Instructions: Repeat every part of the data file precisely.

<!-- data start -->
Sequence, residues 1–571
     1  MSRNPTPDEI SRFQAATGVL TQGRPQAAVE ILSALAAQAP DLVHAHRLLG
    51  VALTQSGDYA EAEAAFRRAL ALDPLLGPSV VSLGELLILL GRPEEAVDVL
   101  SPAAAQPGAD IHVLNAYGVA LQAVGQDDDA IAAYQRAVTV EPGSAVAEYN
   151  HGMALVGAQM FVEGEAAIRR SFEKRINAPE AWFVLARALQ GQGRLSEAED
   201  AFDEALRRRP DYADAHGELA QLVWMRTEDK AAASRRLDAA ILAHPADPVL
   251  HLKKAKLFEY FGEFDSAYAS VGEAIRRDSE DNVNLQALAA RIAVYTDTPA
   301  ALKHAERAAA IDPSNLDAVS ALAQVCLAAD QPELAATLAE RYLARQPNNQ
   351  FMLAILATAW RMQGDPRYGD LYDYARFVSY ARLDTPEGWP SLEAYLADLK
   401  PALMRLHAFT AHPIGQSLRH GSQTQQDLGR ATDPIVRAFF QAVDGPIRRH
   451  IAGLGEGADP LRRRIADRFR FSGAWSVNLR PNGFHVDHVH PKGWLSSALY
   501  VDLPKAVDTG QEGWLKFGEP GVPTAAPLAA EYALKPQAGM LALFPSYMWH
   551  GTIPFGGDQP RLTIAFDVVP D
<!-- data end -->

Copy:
Sequence, residues 1–571
     1  MSRNPTPDEI SRFQAATGVL TQGRPQAAVE ILSALAAQAP DLVHAHRLLG
    51  VALTQSGDYA EAEAAFRRAL ALDPLLGPSV VSLGELLILL GRPEEAVDVL
   101  SPAAAQPGAD IHVLNAYGVA LQAVGQDDDA IAAYQRAVTV EPGSAVAEYN
   151  HGMALVGAQM FVEGEAAIRR SFEKRINAPE AWFVLARALQ GQGRLSEAED
   201  AFDEALRRRP DYADAHGELA QLVWMRTEDK AAASRRLDAA ILAHPADPVL
   251  HLKKAKLFEY FGEFDSAYAS VGEAIRRDSE DNVNLQALAA RIAVYTDTPA
   301  ALKHAERAAA IDPSNLDAVS ALAQVCLAAD QPELAATLAE RYLARQPNNQ
   351  FMLAILATAW RMQGDPRYGD LYDYARFVSY ARLDTPEGWP SLEAYLADLK
   401  PALMRLHAFT AHPIGQSLRH GSQTQQDLGR ATDPIVRAFF QAVDGPIRRH
   451  IAGLGEGADP LRRRIADRFR FSGAWSVNLR PNGFHVDHVH PKGWLSSALY
   501  VDLPKAVDTG QEGWLKFGEP GVPTAAPLAA EYALKPQAGM LALFPSYMWH
   551  GTIPFGGDQP RLTIAFDVVP D